Apparently augmented reality is being used to train military dogs which, uhhh, sure. But why hasn’t the technology crossed over to consumer markets? Who knows! But this author makes the case for why we’d all enjoy AR in our lives.
The Border Wall Has Been 'Absolutely Devastating' for People and Wildlife
God, fuck Donald Trump.
Every Major Bank Has Now Ruled Out Funding Arctic Drilling
This is some good news!!
Wildfire Smoke Is Poisoning California’s Kids. Some Pay a Higher Price.
California today, the United States tomorrow. We really gotta get our shit together and fix the environment.
Warner Bros. Will Send Entire 2021 Slate to HBO Max and Theaters
This is major. Not science news, no, but backhandedly tech related and I didn’t know where else to put it. A win for me, who never wants to go to a movie theater ever again.
Did John McCracken Make That Monolith in Utah?
That Mysterious Monolith in the Utah Desert? It’s Gone, Officials Say
Mystery monolith vanishes in Romania - alien action or local prank?
How a Mysterious Monolith Vanished Overnight (It Wasn’t Aliens)
Mystery Obelisk Appears on Pine Mountain
The short and vague legacy of the Utah monolith
Racists Destroy Monolith, Proclaim Christ Superior to Aliens
Speaking of making it stop: the monolith news cycle is dead to me. This is the Balloon Boy of 2020, the shark jumping non-mystery of the year. I love a good aliens are real story – a la – but this is no longer an alien story. This is a prank I no longer want to hear about. It’s stupid and needs to go in the toilet. I am tired.
There’s a game I like playing with friends. It has no name but you’re required to visit Cameo, the service that offers personalized videos from celebrities. The game entails naming a random celebrity (Debbie Gibson! Tyra Banks! Tyler Oakley!) and seeing if they’re sad enough to be on Cameo (Yes! No! Yes!), followed by a Price Is Right style round of over/under to see who can get the closest to the celebrity’s rate ($249!! $65!!!!!). The results are always silly and surprising and inevitably inspire someone to order a Cameo video.
This D-list celebrity shaming was my introduction to this tech service, an idea that seemed so dumb in 2019 but now is something that I genuinely endorse and use with bimonthly regularity. Why? Because a personalized celebrity message wows anyone, even me. I sent my father a note from comedian Sinbad for his birthday. Bobby got a video from drag queen Juno Birch for his. As a joke, I once got a old boss a video from Rachel Dolezal saying “Jeffrey Epstein didn’t kill himself.” The things you can do with a celebrity via Cameo is wild.
In a pandemic world, where celebrities aren’t getting as much work or attention and meaningful gifts are harder to give, Cameo has been a multi-tiered godsend – and is hashtag thriving. As of July, the company produced 1.2 million celebrity video greetings with 500,000 of them produced in during quarantine. Stories about the website went from “lol celebrities are weird” and “lol celebrities are sad” in pre-pandemic times to “Is Cameo the future of celebrity?” and “Cameo can bring your family together.” and “Cameo will redefine advertising.” and “Cameo made Carole Baskin a household name.” This website has exploded into something much more than star studded textable jokes.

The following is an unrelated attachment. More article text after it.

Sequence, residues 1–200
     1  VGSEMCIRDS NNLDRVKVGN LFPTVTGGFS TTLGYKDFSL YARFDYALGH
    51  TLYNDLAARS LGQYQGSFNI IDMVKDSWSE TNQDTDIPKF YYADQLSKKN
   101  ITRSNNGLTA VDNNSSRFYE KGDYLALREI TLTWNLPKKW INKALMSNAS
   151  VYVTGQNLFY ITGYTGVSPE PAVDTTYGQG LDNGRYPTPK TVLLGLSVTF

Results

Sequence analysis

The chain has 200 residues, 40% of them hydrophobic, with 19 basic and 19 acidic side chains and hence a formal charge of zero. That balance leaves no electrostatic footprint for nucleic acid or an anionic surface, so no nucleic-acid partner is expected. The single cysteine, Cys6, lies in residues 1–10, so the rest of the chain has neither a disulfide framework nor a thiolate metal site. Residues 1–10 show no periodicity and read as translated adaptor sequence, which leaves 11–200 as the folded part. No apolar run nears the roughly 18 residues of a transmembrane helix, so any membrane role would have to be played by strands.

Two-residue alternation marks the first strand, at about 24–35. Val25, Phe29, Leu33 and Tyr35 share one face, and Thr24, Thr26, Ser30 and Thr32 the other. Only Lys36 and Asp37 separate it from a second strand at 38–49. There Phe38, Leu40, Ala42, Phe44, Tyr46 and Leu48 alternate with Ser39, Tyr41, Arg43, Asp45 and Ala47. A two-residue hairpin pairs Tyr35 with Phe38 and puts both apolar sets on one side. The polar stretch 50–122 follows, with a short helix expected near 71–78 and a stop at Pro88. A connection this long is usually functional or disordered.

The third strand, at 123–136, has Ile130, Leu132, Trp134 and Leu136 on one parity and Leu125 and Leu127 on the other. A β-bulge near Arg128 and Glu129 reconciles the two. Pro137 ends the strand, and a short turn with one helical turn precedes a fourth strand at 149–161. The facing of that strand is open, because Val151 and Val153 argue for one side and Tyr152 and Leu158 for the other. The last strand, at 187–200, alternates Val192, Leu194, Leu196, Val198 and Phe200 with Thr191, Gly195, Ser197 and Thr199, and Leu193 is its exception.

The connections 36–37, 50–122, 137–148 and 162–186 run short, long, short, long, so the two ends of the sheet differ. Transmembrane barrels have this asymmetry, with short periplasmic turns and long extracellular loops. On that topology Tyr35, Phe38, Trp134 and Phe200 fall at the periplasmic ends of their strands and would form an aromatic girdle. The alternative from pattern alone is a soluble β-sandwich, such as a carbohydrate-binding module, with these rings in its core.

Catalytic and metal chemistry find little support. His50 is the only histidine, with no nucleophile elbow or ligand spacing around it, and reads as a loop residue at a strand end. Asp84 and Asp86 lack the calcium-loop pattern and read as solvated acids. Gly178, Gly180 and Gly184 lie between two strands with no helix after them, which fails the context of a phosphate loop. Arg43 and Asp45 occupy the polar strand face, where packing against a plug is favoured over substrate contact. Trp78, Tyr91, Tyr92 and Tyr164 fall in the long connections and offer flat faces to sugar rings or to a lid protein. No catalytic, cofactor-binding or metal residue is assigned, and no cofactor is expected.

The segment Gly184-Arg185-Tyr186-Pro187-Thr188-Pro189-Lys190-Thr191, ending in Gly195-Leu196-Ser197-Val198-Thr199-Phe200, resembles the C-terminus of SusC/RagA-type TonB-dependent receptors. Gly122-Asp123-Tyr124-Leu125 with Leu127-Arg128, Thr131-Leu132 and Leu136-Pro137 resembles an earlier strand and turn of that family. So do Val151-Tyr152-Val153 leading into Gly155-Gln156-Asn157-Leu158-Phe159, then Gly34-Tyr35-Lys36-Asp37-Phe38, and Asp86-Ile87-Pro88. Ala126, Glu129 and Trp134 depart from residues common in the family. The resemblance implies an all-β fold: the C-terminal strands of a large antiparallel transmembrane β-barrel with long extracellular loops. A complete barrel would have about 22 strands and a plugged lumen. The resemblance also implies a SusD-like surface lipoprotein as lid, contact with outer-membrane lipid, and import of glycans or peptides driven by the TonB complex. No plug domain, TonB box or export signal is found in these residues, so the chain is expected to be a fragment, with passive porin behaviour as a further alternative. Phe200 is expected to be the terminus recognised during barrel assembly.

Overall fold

But there’s an interesting conundrum baked into the product: the service truly places you in blurred direct line with a celebrity, making for the possibility of very real, very unfiltered, very problematic things to be said as PR persons generally keep a closed eye to these interactions. A celebrity’s Cameo makes a bad Tweet from a celebrity look like something a toddler saying a bad word when, say, a notable Republican like Chris Christie is duped by a video request to vocally support a Democratic candidate. Some celebrities have answered calls to inspire people to “beat coronavirus.” At best, a fledgling startup can dupe a celebrity like Lindsay Lohan to be their spokesperson for almost nothing. At worst, racists and hate groups can enlist Brett Farve and Soulja Boy to spread their message. This is the real uncanny valley of Cameo: celebrities are doing what they are told, without stopping to think about the words that they’re saying. Why? Because that’s all they do for a living: say without thinking.
I love Cameo. It makes life feel even more disassociated and strange by enabling the feeling that I live in the television, video conferencing with friends and family and occasionally getting a one-sided chat with a celebrity-person who truly lives in the TV. Cameo offers one way to feel seen, to validate life inside and outside of this fucked up year. It’s a way to fully embrace the oddity of now, to pretend that you too are a celebrity, that you exist in videos, that people want you to wish them well via a facsimile of yourself.
The question is: how much will you charge for a video?
A temperature check of civics – with as little politics as possible.
Word of the Year: Pandemic
Surprise! To no one.
"there’s more ppl in congress born before 1945 than born after 1981"
I have said this so many times but we gotta get more elected officials who actually are living in 2020 instead of in 1970 or 1980 or 1990.
Miles Taylor has gone public and is hiding out.
"This is what cold, hard fury sounds like."